Laboratory of Neuroregeneration, Department of Pharmacology and Experimental Neuroscience, Center for Neurovirology and Neurodegenerative Disorders, University of Nebraska Medical Center, Omaha, NE 68198-5880, USA.
Brain mononuclear phagocytes (MP, bone marrow monocyte-derived macrophages, perivascular macrophages, and microglia) function to protect the nervous system by acting as debris scavengers, killers of microbial pathogens, and regulators of immune responses. MP are activated by a variety of environmental cues and such inflammatory responses elicit cell injury and death in the nervous system. MP immunoregulatory responses include secretion of neurotoxic factors, mobilization of adaptive immunity, and cell chemotaxis. This incites tissue remodelling and blood-brain barrier dysfunction. As disease progresses, MP secretions engage neighboring cells in a vicious cycle of autocrine and paracrine amplification of inflammation leading to tissue injury and ultimately destruction. Such pathogenic processes tilt the balance between the relative production of neurotrophic and neurotoxic factors and to disease progression. The ultimate effects that brain MP play in disease revolves "principally" around their roles in neurodegeneration. Importantly, common functions of brain MP in neuroimmunity link highly divergent diseases (for example, human immunodeficiency virus type-one associated dementia, Alzheimer's disease and Parkinson's disease). Research into this process from our own laboratories and those of others seek to harness MP inflammatory processes with the intent of developing therapeutic interventions that block neurodegenerative processes and improve the quality of life in affected people.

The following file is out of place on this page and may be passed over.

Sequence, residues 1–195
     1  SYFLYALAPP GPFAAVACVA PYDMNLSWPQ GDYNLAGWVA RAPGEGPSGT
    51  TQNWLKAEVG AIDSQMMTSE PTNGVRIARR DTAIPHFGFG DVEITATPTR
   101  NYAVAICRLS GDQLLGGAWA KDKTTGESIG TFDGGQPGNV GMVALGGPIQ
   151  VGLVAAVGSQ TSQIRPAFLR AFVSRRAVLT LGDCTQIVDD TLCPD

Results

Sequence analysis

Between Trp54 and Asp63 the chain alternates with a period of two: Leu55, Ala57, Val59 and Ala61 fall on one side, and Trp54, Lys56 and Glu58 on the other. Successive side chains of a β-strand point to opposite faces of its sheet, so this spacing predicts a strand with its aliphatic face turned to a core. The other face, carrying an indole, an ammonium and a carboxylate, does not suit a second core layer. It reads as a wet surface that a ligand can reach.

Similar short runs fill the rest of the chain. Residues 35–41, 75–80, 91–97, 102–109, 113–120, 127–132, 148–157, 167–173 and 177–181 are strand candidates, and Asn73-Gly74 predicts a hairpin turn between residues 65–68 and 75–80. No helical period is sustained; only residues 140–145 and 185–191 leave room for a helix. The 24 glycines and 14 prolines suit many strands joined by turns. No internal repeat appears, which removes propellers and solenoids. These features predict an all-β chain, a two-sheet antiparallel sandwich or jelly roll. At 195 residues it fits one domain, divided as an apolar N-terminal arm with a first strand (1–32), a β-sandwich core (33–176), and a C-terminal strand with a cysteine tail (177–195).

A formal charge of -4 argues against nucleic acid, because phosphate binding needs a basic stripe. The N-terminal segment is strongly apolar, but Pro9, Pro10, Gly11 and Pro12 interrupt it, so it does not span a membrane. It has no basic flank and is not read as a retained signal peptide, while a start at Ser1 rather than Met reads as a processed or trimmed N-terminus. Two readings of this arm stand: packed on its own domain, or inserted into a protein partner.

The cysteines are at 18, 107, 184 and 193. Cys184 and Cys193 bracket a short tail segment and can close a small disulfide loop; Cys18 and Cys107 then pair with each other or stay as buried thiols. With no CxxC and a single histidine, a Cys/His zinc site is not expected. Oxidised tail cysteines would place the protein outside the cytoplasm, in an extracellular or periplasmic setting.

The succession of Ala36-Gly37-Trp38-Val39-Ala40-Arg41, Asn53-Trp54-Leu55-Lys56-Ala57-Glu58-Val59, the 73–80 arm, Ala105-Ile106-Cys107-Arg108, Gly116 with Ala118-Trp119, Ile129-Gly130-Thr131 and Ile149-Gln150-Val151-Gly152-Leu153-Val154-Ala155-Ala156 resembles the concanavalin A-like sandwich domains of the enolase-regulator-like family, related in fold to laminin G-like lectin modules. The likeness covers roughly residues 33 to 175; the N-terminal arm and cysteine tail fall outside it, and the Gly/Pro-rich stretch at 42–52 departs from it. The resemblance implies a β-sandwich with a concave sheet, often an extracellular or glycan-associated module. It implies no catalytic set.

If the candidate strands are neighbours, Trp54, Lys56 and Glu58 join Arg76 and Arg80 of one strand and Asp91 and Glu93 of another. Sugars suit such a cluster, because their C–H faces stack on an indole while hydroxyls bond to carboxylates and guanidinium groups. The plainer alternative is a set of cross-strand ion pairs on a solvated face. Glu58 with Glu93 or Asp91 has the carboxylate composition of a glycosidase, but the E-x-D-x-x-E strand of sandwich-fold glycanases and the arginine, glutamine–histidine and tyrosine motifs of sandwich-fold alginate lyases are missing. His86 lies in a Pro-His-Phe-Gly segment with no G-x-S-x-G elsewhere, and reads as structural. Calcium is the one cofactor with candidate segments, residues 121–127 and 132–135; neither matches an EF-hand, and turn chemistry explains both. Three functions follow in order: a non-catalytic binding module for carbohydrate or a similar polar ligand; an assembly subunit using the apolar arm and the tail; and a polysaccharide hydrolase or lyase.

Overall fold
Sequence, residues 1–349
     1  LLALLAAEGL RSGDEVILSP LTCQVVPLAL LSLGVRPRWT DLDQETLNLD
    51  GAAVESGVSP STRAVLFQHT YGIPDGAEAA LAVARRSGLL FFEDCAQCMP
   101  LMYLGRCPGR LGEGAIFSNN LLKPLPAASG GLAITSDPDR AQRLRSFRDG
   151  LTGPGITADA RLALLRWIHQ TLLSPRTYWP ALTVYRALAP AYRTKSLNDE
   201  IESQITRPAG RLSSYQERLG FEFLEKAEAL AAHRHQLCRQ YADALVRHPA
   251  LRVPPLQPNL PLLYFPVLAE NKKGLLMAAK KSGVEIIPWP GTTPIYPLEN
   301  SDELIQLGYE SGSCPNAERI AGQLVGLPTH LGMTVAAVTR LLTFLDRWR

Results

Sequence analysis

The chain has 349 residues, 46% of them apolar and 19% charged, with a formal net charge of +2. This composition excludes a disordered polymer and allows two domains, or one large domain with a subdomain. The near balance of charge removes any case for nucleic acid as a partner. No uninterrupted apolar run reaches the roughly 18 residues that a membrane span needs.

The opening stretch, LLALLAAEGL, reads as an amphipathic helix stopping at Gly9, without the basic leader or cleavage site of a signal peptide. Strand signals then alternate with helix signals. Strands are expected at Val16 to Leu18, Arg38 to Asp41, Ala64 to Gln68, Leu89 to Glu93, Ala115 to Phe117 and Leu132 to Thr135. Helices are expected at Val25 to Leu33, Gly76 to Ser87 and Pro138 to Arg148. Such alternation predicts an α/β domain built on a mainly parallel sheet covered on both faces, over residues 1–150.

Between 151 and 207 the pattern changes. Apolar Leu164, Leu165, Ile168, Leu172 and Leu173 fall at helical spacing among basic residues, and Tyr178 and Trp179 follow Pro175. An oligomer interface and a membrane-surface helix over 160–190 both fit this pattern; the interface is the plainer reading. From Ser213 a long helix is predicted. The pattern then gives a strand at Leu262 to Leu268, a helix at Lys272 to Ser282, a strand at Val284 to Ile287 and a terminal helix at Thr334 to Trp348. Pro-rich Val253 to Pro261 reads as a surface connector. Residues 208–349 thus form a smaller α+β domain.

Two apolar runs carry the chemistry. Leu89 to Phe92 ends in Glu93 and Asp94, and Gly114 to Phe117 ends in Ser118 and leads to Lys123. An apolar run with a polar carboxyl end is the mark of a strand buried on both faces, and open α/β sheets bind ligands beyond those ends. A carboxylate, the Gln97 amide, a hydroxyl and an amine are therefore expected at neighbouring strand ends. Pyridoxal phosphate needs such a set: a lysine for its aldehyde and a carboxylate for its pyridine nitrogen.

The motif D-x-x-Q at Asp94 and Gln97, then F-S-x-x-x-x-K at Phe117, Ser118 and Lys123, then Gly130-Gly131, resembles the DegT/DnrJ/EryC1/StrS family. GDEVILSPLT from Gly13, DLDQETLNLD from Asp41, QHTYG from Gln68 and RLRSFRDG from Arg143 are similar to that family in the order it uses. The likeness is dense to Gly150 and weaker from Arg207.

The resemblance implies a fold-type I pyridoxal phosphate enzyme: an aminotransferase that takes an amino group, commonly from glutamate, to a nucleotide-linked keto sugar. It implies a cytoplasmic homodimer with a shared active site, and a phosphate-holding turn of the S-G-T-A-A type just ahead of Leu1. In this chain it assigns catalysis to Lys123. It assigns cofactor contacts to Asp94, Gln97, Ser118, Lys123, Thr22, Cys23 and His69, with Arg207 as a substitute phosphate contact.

"After entering the CNS, infected monocytes, lymphocytes, and macrophages release various mediators including cytokines, reactive oxygen, and other molecules that have the potential to induce neurotoxicity (Ciborowski and Gendelman 2006; Ricardo-Dukelow et al. 2007). In addition to disrupting normal function of CNS cells these mediators also stimulate uninfected CNS monocytes, macrophages and lymphocytes to release potential neurotoxins (Kadiu et al. 2005; Persidsky and Gendelman 2003). Galectin-1 is an immunomodulater. "
[Show abstract][Hide abstract] ABSTRACT: Galectin-1, an adhesion molecule, is expressed in macrophages and implicated in human immunodeficiency virus (HIV-1) viral adsorption. In this study, we investigated the effects of methamphetamine on galectin-1 production in human monocyte derived macrophages (MDM) and the role of galectin-1 in methamphetamine potentiation of HIV-1 infection. Herein we show that levels of galectin-1 gene and protein expression are significantly increased by methamphetamine. Furthermore, concomitant incubation of MDM with galectin-1 and methamphetamine facilitates HIV-1 infection compared to galectin-1 alone or methamphetamine alone. We utilized a nanotechnology approach that uses gold nanorod (GNR)-galectin-1 siRNA complexes (nanoplexes) to inhibit gene expression for galectin-1. Nanoplexes significantly silenced gene expression for galectin-1 and reversed the effects of methamphetamine on galectin-1 gene expression. Moreover, the effects of methamphetamine on HIV-1 infection were attenuated in the presence of the nanoplex in MDM.
"Within the CNS, the main executors of innate immunity are perivascular macrophages and parenchymal microglia . Resting microglia are highly ramified with branched processes and have critical physiologic roles, including determination of neuronal fate, migration, axonal growth and synaptic remodeling [58,59]. "
[Show abstract][Hide abstract] ABSTRACT: Chronic neuroinflammation is an important component of Alzheimer's disease and could contribute to neuronal dysfunction, injury and loss that lead to disease progression. Multiple clinical studies implicate tumor necrosis factor-α as an inflammatory mediator of neurodegeneration in patients with Alzheimer's because of elevated levels of this cytokine in the cerebrospinal fluid, hippocampus and cortex. Current Alzheimer's disease interventions are symptomatic treatments with limited efficacy that do not address etiology. Thus, a critical need exists for novel treatments directed towards modifying the pathophysiology and progression.